Alain Flausch, executive director of the International Association of Public Transport
Photo credit: UITP
UITP invited its members in 92 countries around the world to join forces during European Mobility Week Sept. 16-22 to display the "Grow with Public Transport" campaign message in buses, metros, trams, stations and online to make a coordinated call for greater support in order to obtain more and better public transport.
For the first time, the public transport sector united across five continents and 31 countries —including 21 capital cities — to speak with the same voice at the same time. Why? To show that the public transport sector is united with a common aim: making cities better places to live and work. Unless we take urgent measures to address mobility habits, the cities of the future will be gridlocked, polluted and a hindrance to sustainable growth. We need: urban policies that favor sustainable modes; stable and secure financing for the sector; a sound legal framework as well as a commitment to service innovation from the sector itself to ensure a significant and decisive modal shift to sustainable modes.
Some 90 city and regional public transport operators and authorities and industry members responded to the call and the "All Together for Public Transport Growth" campaign was visible in almost 60,000 buses, trams, metros, stations and stops across the participating networks. The campaign participants together transport 85 million passengers each day — a staggering 24 billion per year — and the campaign messages will have been seen by up to 200 million people. Using the "Grow with Public Transport" images, we wanted to give a friendly face to public transport but at the same time pass a serious message to citizens and politicians alike: that the sector is economically, environmentally and socially beneficial and that with public transport, cities are more pleasant places in which to live and work.
Developing city economies
In Europe alone, the economic value of public transport services is estimated at €130-150 billion per year. In many cities, such as Amsterdam, Barcelona and Dublin, public transport operators are the largest city employers. The campaign participants together employ almost 300,000 people, roughly equal to the combined headcount of Procter & Gamble and Santander. Public transport is a job intensive industry on both the operation and supply chain sides, employing workers with many different professional backgrounds and is constantly promoting innovation in the search for greater productivity and efficiency.
If we as a sector can double the market share of public transport by 2025, we could create an additional 7 million green jobs globally in an industry that already employs 13 million people around the world.
Each year €100 billion, or at least 1 percent of GDP, is lost to the European economy as a result of traffic congestion, which is simply unsustainable. This is not just a European problem; in the context of strong population growth in certain parts of the world, if we cannot convince people to choose sustainable modes, rising levels of congestion will pose a serious hindrance to economic growth and the sustainability of cities.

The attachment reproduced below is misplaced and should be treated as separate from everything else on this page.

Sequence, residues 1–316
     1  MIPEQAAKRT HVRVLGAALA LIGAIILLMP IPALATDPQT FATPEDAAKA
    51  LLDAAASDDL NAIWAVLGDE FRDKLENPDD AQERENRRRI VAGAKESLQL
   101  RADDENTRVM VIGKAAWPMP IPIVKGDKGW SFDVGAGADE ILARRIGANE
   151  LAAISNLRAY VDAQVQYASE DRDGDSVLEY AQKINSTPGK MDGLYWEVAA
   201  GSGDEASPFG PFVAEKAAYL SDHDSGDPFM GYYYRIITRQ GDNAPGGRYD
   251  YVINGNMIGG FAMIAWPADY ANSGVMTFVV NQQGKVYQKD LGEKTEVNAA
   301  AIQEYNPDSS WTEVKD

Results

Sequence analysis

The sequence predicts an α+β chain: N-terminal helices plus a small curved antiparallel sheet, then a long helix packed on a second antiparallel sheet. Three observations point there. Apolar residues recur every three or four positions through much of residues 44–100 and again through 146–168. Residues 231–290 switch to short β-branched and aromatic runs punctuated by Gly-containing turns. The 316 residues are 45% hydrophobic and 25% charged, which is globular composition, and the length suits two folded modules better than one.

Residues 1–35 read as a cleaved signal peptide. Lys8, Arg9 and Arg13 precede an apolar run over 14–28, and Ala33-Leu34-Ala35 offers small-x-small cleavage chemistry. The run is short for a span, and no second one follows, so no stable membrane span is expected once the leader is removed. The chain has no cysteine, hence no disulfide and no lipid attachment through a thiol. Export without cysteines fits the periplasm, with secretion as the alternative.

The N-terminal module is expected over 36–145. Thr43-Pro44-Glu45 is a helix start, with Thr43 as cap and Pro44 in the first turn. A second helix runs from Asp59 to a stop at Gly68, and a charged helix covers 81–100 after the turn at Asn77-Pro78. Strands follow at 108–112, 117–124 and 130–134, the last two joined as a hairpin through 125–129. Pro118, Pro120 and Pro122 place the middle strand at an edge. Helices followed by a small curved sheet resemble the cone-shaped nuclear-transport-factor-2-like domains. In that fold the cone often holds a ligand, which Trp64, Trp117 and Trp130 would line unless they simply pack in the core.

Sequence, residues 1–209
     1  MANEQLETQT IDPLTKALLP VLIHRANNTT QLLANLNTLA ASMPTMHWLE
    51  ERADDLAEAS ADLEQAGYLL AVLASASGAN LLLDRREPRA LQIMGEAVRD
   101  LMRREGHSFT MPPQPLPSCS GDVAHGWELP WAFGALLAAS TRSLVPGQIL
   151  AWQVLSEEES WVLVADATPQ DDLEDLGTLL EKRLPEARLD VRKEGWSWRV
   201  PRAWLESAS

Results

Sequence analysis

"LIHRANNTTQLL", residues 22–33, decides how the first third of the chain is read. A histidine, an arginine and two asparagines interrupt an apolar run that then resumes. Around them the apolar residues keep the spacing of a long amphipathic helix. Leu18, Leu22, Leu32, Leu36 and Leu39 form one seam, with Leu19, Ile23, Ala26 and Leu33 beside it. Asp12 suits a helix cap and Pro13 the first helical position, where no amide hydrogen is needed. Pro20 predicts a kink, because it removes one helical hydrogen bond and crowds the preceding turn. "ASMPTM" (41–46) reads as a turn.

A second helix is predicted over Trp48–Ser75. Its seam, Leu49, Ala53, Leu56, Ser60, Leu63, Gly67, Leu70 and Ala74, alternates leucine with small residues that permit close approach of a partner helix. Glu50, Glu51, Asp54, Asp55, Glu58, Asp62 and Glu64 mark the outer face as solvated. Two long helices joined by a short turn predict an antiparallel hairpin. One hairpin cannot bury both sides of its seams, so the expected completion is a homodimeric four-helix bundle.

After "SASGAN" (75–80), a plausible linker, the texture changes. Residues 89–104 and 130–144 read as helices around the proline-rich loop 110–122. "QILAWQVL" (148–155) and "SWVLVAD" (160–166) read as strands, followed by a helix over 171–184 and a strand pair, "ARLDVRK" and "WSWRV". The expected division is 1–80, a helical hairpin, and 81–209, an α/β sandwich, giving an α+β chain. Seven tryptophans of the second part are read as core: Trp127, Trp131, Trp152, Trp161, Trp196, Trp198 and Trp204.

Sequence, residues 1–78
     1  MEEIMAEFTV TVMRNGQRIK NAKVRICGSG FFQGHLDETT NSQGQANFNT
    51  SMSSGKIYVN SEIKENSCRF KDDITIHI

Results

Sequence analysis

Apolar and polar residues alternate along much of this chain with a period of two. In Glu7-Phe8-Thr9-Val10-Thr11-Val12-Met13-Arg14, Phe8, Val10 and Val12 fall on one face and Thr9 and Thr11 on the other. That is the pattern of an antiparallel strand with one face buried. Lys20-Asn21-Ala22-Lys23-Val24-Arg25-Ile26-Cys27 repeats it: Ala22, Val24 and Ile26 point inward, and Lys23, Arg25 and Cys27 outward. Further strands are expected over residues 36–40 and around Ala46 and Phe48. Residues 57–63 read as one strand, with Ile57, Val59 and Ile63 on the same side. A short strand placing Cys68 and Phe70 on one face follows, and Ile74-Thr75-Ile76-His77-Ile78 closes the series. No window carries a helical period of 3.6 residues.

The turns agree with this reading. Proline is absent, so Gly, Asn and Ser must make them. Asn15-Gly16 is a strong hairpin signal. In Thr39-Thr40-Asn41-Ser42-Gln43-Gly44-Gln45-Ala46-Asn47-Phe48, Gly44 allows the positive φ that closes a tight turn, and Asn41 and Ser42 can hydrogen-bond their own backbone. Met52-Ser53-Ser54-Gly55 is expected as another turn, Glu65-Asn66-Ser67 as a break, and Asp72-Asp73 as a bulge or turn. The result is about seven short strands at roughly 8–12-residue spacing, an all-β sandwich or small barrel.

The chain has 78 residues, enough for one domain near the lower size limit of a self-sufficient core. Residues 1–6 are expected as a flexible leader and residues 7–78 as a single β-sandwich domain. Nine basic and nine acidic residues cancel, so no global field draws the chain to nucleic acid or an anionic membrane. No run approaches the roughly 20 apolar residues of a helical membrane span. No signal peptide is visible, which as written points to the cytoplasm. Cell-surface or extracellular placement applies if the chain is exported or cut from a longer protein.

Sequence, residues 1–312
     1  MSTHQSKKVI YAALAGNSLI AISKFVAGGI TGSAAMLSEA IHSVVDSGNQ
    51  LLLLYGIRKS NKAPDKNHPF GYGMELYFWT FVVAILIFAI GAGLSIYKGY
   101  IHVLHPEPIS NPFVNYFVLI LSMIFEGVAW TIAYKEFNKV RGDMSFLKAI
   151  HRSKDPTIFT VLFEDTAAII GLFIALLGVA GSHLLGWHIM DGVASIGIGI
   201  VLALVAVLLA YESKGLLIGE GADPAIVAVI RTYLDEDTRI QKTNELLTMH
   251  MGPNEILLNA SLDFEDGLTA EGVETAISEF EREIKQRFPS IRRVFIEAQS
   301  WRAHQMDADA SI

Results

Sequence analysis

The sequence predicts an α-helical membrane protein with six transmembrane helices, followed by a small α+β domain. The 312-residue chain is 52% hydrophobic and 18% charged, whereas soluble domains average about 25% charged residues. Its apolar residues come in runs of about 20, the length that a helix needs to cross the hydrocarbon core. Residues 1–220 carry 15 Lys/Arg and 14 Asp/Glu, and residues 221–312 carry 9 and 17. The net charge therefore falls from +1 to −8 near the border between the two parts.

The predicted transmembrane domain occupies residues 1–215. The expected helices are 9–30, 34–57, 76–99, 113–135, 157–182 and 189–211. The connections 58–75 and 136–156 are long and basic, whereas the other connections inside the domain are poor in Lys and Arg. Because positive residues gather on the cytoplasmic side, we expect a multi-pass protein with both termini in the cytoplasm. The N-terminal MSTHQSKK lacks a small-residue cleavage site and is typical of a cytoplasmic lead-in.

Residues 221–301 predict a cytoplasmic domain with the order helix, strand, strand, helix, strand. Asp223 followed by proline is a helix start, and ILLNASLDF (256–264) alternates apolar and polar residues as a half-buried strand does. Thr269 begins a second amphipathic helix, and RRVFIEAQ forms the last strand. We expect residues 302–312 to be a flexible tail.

Public transport makes environmental sense. For every kilometer traveled, private motorized transport modes like cars and mopeds emit 3.5 times more greenhouse gas per passenger than public transport. If more people choose cars and mopeds to get around, current projections indicate that urban transport greenhouse emissions will rise by 30 percent by 2025. However, a massive shift to public transport would prevent the emission of half a billion tonnes of CO2 equivalent in the year 2025. Despite a significant overall increase in urban trips, this would mean that urban transport emissions would be in line with the objectives of international climate negotiations.
Public transport is already at the forefront of delivering green transport solutions and is fully on track to further improving its green credentials. In urban areas, rail transport already runs almost exclusively on electricity. Rail as well as bus manufacturers are working on cutting energy use through traction efficiency improvements, energy recuperation and weight reduction. Bus fleets have been a testing ground for alternative fuels for many years and visitors to the Geneva World Congress will not have failed to notice the vast array of electric buses on display and the amount of innovation in the sector as a whole.
Political backing for sustainable modes
Fortunately, we are progressively building consensus among politicians around the world that we need to do something about urban mobility; we now have a window of opportunity to promote public transport as a viable alternative to private motorized modes. Taking bold, decisive action in favor of sustainable transport may not always be politically easy, but in the long term it can often be cheaper than the "business as usual" scenario. In cities with a high modal share of public transport, walking and cycling, the cost of transport for the community can be as much as 50 percent lower than in cities where the private car is king. What’s more, capital investment in public transport projects sparks a chain reaction in business activity, generating value to the wider economy of up to three or four times the initial investment.
Provided with the right conditions, public transport can thrive. With better public transport in both qualitative and quantitative terms, cities can cut traffic congestion, increase road safety, foster social inclusion, reduce pollution and be a motor for sustainable economic growth and job creation. The future of the world’s cities depends on it.
Alain Flausch is secretary general of the International Association of Public Transport (UITP)